So, there you have it – in my mind, Netflix wins hands-down. Now, getting movies streamed directly to your TV or computer would be even better, and they are starting to do that too. I have watched a few movies this way, and thus they didn’t even have to ship the movie out to me at all. There are, of course, environmental issues with Netflix too – do they recycle all those returned envelopes? Do they use recycled paper to make them? How do they take delivery of the movies (I would imagine in bulk and not in plastic cases though)? But all in all, this is certainly one case where “nation-wide” beats out “local” on a sustainability level. What do you think?

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Comments

  1. It is, and that’s why I mentioned it. But most people don’t have the right setup to be able to do it, and not many want to sit in front of their computer to watch a movie. There are TV’s and DVD players for sale that will stream Netflix, so it’s only a matter of time before anyone can have it that way.

  2. If she shops at the store anyway on a regular basis, just have them print it. If she doesn’t, then have them shipped directly to her house.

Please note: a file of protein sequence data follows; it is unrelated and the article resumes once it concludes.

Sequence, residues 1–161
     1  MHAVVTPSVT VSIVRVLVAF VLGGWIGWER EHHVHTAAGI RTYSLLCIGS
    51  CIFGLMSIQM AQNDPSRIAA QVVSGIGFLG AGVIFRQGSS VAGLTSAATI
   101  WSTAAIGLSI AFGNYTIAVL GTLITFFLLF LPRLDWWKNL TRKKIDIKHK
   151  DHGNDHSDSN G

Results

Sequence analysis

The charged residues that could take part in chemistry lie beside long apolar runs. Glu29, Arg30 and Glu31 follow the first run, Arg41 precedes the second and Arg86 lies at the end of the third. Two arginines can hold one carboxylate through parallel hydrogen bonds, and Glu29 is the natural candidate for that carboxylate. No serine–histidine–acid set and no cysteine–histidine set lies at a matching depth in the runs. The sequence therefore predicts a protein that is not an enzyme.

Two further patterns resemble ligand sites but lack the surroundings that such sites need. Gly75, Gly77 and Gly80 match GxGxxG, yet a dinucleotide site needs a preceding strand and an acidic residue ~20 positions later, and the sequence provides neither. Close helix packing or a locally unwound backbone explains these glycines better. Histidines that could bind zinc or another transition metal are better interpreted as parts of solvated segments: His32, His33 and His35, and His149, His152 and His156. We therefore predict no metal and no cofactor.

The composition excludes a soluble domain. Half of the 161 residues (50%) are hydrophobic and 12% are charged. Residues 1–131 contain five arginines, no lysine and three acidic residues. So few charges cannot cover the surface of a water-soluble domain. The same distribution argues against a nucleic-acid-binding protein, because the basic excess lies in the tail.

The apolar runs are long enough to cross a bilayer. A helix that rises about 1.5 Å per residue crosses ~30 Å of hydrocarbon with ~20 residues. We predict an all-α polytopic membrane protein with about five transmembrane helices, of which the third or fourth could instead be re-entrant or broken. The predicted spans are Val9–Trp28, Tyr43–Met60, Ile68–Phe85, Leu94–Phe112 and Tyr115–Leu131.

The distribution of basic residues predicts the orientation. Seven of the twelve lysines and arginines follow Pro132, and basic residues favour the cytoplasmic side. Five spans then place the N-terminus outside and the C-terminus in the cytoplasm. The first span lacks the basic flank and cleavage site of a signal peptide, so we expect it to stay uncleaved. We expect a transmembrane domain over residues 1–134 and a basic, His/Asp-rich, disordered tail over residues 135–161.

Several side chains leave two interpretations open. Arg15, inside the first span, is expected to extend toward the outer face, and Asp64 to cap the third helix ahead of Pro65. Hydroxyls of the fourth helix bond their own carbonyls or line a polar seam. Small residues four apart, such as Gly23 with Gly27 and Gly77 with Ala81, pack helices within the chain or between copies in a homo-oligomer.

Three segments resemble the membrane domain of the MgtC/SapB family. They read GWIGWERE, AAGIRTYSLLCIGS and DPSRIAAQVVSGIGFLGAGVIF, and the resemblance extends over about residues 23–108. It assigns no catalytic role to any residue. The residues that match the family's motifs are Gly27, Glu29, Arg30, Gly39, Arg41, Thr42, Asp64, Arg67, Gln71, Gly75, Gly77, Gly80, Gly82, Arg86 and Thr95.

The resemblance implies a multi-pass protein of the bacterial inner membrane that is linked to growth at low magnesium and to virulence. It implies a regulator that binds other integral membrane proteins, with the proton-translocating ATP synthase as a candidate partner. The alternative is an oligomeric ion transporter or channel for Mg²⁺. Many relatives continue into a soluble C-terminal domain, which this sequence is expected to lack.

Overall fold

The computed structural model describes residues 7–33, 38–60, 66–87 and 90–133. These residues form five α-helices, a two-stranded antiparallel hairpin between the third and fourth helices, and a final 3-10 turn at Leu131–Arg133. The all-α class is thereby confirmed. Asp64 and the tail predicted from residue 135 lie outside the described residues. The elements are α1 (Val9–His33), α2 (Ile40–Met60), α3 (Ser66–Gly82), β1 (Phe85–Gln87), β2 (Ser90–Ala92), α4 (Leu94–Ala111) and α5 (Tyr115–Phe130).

3. What about Redbox? You could argue that it captures the economies of scale in that it uses the roof/climate of its “host store”, and most users are “going there anyway”. But, my feeling is that it would generate a second round-trip by car to return the DVD since it is $1 per night rental.
    Also the Redbox model uses fewer staff, though someone needs to come by and fill it up with new releases. I believe all money is done thru credit card.
    So, with no fixed building costs, it has a lower carbon footprint than either Netflix or B&M store up front, but it may generate additional car trips to return movies once watched. Thoughts?

    1. Sure, if you happen to be at the store that has one. But driving from your house just to rent one, and then having to return it, would defeat the purpose I think, right?

  4. What about photos, David? I’m going to print about 200 pictures from her digital camera. She is not all that comfortable with computers, so she can’t view them on her computer. I’m going to send them online for prints, and I can’t decide if I should send them to a local store for her to pick it up or have the mail deliver it.

  5. I guess I’m one of the few cases where it’s far more eco-friendly to go to the video store. We have one of those little mom & pop video stores. Every day, we drive downtown, grab a latte at the local coffee shop, and walk the dog. Almost every store in town lets us bring him in with us, including the video store. Supporting my downtown will never go out of style 🙂

    If it was a blockbuster, or a movie gallery (Canada), we wouldn’t bother.

    Also, Netflix isn’t available in Canada as far as I know.